The Re-Open Saskatchewan plan consists of five phases. The timing and order of the businesses and workplaces included in each phase is subject to change throughout the process based on a continuous assessment of transmission patterns and other factors.
Phase One (Beginning May 4, 2020): Re-opening previously restricted medical services, Opening of golf courses, parks and campground
- The first phase of the plan includes the re-opening of medical services restricted under the current public health order, and the resumption of low-risk outdoor recreational activities, including fishing and boat launches, golf courses and a fixed date for parks and campgrounds. The size restrictions of public and private gatherings will remain at a maximum of 10 people.
- On May 4, public access to medical services will be reinstated, including access to dentistry, optometry, physical therapy, opticians, podiatry, occupational therapy and chiropractic treatment. When it is not possible to physically distance, providers will be required to take precautionary measures as outlined by the Chief Medical Health Officer.
- Low-risk outdoor recreational activities will be allowable with precautionary measures, including fishing and boat launches (May 4), golfing with physical distancing guidelines (May 15) and a fixed date (June 1) and clear guidelines for the operation of parks and campgrounds.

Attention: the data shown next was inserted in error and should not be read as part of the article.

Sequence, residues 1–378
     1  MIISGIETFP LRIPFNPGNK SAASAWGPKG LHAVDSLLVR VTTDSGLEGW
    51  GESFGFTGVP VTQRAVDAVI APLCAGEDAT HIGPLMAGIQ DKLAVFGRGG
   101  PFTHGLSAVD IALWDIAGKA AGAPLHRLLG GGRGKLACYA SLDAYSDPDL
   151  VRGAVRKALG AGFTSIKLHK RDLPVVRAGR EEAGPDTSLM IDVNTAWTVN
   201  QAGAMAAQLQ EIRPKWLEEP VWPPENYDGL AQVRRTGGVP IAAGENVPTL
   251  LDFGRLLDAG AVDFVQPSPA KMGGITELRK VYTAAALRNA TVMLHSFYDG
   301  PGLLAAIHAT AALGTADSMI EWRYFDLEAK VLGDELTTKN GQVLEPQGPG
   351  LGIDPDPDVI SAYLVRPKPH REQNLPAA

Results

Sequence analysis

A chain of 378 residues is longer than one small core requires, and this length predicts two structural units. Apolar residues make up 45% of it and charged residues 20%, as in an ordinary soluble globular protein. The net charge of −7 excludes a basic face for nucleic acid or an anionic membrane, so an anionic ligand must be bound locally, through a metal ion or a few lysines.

Phase Two (May 19): Re-opening retail and select personal care services
- The second phase of the plan includes the May 19 re-opening of retail businesses and select personal services that were previously not deemed allowable.
- The size restrictions of public and private gatherings will remain at a maximum of 10 people.
- A full list of retail businesses and select personal services that will be deemed allowable in phase two is included in the Re-Open Saskatchewan plan, along with guidance, protocols, and physical distancing measures that allowable businesses and services are required to observe.
Phase Three (June 8): Re-opening restaurants and food services at 50% capacity, gyms and fitness centres, licensed establishments and child care facilities, re-opening remaining personal care services, increasing the size of indoor public and private gatherings to 15 people
Personal service businesses that did not open in Phase 2 are also allowed to begin providing services.
- Tattoo artists;
- Make-up applicators;
- Sun tanning parlours;
- Facilities in which body piercing, bone grafting or scarification services are provided; and
- Other personal service facilities
Guidance for restaurants, fitness facilities and other businesses and services opening is now available:
- Restaurants and Licensed Establishments Guidelines
- Personal Care Services Guidelines